President Obama said today that a U.S. drone strike in January on the border region killed two Western hostages: American Warren Weinstein, and Italian Giovani Lo Porto.
Weinstein was abducted Aug. 13, 2011, by armed gunmen who burst into his Lahore home. The Rockville, Md., resident put in several years with USAID and the World Bank before becoming an economic development consultant in 2003.
Last August, al-Qaeda needled the Obama administration about forgetting the contractor, charging the U.S. government “wants Warren Weinstein to die in prison so that it may absolve itself of responsibility regarding his case.”
In a letter and video released in 2013, the 73-year-old begged President Obama for help. “You are now in your second term as president of the United States and that means that you can take hard decisions without worrying about reelection,” he said. “I hope and pray to God that you, as leader of the United States, along with your administration, will feel an adequate level of responsibility toward me and work for my release.”
The Weinstein family was told yesterday, as was Italian Prime Minister Matteo Renzi. Warren’s wife, Elaine, said they still don’t fully understand the circumstances of Weinstein’s death but look forward to an independent investigation.
“On behalf of myself, our two daughters, our son-in-law, and two grandchildren, we are devastated by this news and the knowledge that my husband will never safely return home. We were so hopeful that those in the U.S. and Pakistani governments with the power to take action and secure his release would have done everything possible to do so and there are no words to do justice to the disappointment and heartbreak we are going through,” Elaine said.
“They will have to face their God to answer for their actions,” she said of his al-Qaeda captors.
Though the family said over the years that they were frustrated by what they saw as a lack of administration action, Obama said today that after Weinstein’s kidnapping “I directed my national security team to do everything possible to find him and to bring him home safely to his family.”
“Based on information and intelligence we have obtained, we believe that a U.S. counterterrorism operation targeting an al-Qaeda compound in the Afghanistan-Pakistan border region, accidentally killed Warren and Giovani this past January,” Obama said. “As a husband and as a father, I cannot begin to imagine the anguish that the Weinstein and Lo Porto families are enduring today. I realize that there are no words that can ever equal their loss. I know that there is nothing that I can ever say or do to ease their heartache.”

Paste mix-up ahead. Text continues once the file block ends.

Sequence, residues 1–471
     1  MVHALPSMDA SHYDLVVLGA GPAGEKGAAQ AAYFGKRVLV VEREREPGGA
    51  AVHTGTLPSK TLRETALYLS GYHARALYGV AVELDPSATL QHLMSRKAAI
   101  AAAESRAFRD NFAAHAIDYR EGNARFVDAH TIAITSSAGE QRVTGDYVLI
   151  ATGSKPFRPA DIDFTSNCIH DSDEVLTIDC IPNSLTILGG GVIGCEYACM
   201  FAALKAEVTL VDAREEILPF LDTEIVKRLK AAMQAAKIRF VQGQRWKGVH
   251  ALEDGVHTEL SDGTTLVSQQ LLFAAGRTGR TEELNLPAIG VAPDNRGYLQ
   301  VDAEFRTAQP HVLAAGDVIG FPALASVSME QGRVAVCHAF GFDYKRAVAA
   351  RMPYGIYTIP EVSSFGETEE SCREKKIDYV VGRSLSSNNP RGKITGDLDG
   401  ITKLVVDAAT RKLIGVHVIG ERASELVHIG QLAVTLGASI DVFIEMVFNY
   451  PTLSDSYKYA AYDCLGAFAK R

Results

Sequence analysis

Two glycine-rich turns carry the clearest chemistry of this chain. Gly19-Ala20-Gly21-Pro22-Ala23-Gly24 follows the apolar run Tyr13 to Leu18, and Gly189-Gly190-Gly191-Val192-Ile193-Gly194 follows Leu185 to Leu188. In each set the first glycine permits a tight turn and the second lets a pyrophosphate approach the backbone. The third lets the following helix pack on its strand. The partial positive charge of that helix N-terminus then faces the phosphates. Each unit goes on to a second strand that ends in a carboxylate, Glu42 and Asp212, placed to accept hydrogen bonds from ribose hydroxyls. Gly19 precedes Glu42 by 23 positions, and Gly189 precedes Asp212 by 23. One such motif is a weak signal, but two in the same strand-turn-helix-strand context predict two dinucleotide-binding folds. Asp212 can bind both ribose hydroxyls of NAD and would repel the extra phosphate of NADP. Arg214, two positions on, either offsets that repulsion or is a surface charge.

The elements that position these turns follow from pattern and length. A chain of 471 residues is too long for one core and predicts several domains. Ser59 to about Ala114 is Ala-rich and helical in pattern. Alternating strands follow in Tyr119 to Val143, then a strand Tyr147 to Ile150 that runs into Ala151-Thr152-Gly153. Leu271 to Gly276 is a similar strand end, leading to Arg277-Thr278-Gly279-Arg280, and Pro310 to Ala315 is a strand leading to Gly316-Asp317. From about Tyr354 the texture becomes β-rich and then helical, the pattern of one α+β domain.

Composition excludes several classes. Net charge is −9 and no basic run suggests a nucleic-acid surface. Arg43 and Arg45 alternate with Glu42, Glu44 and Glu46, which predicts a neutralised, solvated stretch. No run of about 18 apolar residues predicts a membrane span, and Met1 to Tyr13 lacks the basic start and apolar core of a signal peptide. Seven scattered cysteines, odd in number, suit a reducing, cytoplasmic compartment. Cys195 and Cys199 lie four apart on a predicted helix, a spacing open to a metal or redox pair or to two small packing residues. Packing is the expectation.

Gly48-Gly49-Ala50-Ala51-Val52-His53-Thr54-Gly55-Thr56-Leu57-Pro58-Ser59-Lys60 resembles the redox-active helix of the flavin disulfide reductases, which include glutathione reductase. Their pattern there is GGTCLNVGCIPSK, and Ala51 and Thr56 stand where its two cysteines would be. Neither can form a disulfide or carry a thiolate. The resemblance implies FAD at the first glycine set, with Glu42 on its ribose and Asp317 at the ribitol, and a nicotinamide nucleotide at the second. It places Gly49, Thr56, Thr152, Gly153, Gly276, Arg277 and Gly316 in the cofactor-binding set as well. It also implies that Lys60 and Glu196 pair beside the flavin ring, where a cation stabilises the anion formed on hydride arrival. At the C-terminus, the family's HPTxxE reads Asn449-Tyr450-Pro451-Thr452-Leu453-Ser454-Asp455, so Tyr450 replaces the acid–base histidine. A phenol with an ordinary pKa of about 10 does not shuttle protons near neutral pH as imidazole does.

“And today, I simply want to say this: As president and as commander-in-chief, I take full responsibility for all our counterterrorism operations, including the one that inadvertently took the lives of Warren and Giovanni. I profoundly regret what happened. On behalf of the United States government, I offer our deepest apologies to the families.”
Obama said he “directed that the existence of this operation be declassified and disclosed publicly. I did so because the Weinstein and Lo Porto families deserve to know the truth.”
“We believed that this was an al-Qaeda compound, that no civilians were present and that capturing these terrorists was not possible. And we do believe that the operation did take out dangerous members of al-Qaeda,” he said. “What we did not know, tragically, is that al-Qaeda was hiding the presence of Warren and Giovanni in this same compound. It is a cruel and bitter truth that in the fog of war generally and our fight terrorists specifically, mistakes, sometimes deadly mistakes, can occur.”
He added that “one of the things that sets America apart from many other nations, one of the things that makes us exceptional is our willingness to confront squarely our imperfections and to learn from our mistakes.”
The Weinsteins’ congressman, Rep. John Delaney (D-Md.), called the loss “devastating, a tragic event that we must never forget.”
“Warren represented the very best of our country; he was a gentle and loving man who dedicated his career to building a better world. We need more Warren Weinsteins in the world,” Delaney said.
The congressman lashed out at the White House, stressing he’s “saddened, disappointed and outraged that our government was not able to bring Warren home.”
“Today’s news is a personal tragedy for Warren’s family but also a sobering national security and government failure,” Delaney continued. “As Warren’s representative, I feel like his country failed him in his greatest time of need. I’m determined to ensure that Warren’s story is not forgotten, that we get to the bottom of why Warren wasn’t found and how he was killed, and that we drive tangible improvements to our hostage response process from an intelligence and resources coordination perspective.”
Delaney has been working on legislation “to reform, streamline and upgrade our ability to respond to hostage taking… in the hope that more families don’t suffer the same fate.”
“It is essential that the review of this tragic accident be a true investigation that focuses on the events surrounding Warren’s death and the intelligence efforts that were deployed to locate him,” he said. “Our national security and intelligence response to hostages must improve and improve quickly.”